DETECTIVE WALTER A. WEYMOUTH
SDPD 01/01/1915 - 09/05/1917
01/23/1883 - 10/24/1947
He goes on to tell the story of how Weymouth went with him to confront an elderly man causing “considerable annoyance, and unrest for his neighbors, by his suspicious actions.” This man greeted the health inspector on his porch with a double bladed axe over his shoulder. “Walter Weymouth well equipped for this type of work, took possession of the axe. The battle was over.”

The police intervention had a happy outcome, as Bellon related he learned later that the man’s “entire attitude changed for the better and he became a friendly neighbor.”

Sadly, police lore had it that Weymouth was shot sometime in 1916, perhaps ambushed for stepping on too many toes, and died soon afterward. Indeed, the San Diego Union reports on March 16, 1916 under the headline POLICEMAN SHOT; EXPECTED TO DIE, that Patrolman W. A. Weymouth was shot, probably fatally, at about 2:30 that morning. The shooting took place at 8th and K Street. The next day the paper runs a photo of Weymouth, under the caption, “Recent Portrait of Patrolman Walter A. Weymouth, Shot and Probably Fatally Wounded.”

This article states, “Patrolman Weymouth, suffering agony, but making a brave fight for life, was said last night at the Agnew hospital to have about ‘one chance in a hundred.’ Shot through the abdomen,only his superb physical constitution can pull him through, said physicians as they shook their heads doubtfully.”

In near-obituary style, the article says Weymouth “recently worked for the police department with sanitary inspectors of the health department, but was transferred to an early morning berth. He was a member of the police department baseball team, which played the firemen some months ago. He had been on the department about a year, and because of his good nature and close attention to duty was well liked.”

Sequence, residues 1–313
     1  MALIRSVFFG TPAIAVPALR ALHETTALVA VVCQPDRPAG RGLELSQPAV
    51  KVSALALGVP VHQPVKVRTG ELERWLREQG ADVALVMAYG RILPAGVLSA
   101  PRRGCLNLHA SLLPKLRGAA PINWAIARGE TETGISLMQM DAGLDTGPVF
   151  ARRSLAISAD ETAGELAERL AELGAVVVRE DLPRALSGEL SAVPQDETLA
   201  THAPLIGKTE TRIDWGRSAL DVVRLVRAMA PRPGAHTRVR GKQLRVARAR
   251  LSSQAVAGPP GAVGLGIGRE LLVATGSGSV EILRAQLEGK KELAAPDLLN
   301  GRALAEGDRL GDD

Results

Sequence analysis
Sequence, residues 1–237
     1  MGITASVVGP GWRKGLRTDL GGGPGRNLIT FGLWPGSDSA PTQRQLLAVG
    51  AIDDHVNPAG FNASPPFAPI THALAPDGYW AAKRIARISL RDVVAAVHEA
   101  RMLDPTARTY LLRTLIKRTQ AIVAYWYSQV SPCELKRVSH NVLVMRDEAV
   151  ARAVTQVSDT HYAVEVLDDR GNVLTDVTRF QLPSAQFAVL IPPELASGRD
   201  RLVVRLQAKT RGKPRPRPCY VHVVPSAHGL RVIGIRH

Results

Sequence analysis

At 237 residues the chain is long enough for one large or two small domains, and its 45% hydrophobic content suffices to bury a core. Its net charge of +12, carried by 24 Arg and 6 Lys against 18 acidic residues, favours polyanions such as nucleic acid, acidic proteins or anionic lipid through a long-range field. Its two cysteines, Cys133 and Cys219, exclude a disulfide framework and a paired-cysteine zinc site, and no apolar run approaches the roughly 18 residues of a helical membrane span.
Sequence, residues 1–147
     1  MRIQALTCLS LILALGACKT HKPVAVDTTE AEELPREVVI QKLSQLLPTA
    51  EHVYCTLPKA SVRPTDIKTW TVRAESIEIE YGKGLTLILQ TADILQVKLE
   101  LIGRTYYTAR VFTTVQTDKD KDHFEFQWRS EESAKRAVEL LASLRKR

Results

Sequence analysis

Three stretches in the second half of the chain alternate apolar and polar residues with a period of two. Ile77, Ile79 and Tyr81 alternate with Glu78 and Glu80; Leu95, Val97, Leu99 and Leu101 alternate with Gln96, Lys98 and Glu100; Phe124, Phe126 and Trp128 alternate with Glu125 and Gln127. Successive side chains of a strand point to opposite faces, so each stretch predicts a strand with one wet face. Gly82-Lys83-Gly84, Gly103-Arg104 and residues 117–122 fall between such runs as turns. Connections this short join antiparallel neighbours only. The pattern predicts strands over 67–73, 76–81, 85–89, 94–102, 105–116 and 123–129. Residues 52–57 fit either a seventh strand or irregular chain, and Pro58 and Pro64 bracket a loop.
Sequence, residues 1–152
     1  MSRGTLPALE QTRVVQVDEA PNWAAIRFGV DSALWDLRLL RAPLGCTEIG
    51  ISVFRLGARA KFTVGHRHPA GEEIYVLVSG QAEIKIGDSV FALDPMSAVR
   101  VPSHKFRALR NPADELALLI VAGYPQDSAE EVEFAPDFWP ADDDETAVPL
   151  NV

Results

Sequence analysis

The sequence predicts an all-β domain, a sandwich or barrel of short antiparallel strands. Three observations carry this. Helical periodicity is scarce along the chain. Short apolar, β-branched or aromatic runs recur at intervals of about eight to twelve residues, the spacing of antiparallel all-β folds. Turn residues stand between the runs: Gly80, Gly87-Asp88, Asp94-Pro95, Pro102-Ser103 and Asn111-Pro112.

The following day an article about the manhunt notes, “Weymouth is at the Agnew hospital in critical condition.” But then other news dominates the headlines. Did Weymouth die? Historical records continue his story. The San Diego Jail Register and Record of Arrests shows Weymouth back to work in August 1916. His work continues into 1917, making arrests for vagrancy, violating probation, and drunkenness.

In the November 1917 arrest records, Weymouth is listed as a U.S. Agent. His change of employer is verified by the San Diego City Directory, which lists his occupation as Special Employee, U.S. Department of Justice. Walter A. Weymouth, age 36, is in the 1920 Census living in San Diego at 3947 Utah Street with his wife and 6-year-old daughter. His occupation is Special Agent, U.S. Investigation Bureau.

The 1919 and 1920 City Directory similarly lists his occupation as special agent, U.S. Department of Justice Bureau of Investigation. Weymouth apparently stayed in enforcement work although he left San Diego by 1921.

He is in the 1930 Census with his wife and 16-yearold daughter in Pasadena, California, and working as a Detective with the “Agency.”

He was a long-time survivor of his wounds, still collecting a police pension in 1945-46.

Did the newspaper get it wrong? No. A small article on March 21, 1916 set among headlines about the war in Germany, anarchistic speeches from Industrial Workers of the World, and the search for Poncho Villa reads, “Wounded Patrolman Expected to Recover.” The article states, “Walter A. Weymouth, patrolman, shot by a thug recently, is thought by his physicians to have a good chance of recovery. At the Agnew hospital he continues to improve and City Surgeon Crabtree is inclined to believe that the danger
is over.” Accounts of his death were understandable, but exaggerated.

That’s history for you!
ONCE UPON A TIME IN NORTH PARK

Walter Weymouth, the Policeman Who Lived

By Katherine Hon

History has a funny way of changing just when you think you have the facts straight.

Walter Weymouth, a North Park resident in the early 1900’s, was a patrolman with the San Diego Police Department.

He worked alongside Walter Bellon, a public health officer who helped clean up the Gaslamp when it was the Stingaree. In those early days, saloons, gambling halls, and brothels thrived along the waterfront.

Health officer Bellon wrote, “Many strange things happened during our campaign for
better health conditions about town. Some complaints related to police measures, others
pointed to unsanitary conditions, at times both went together.”
THE THIN BLUE LINE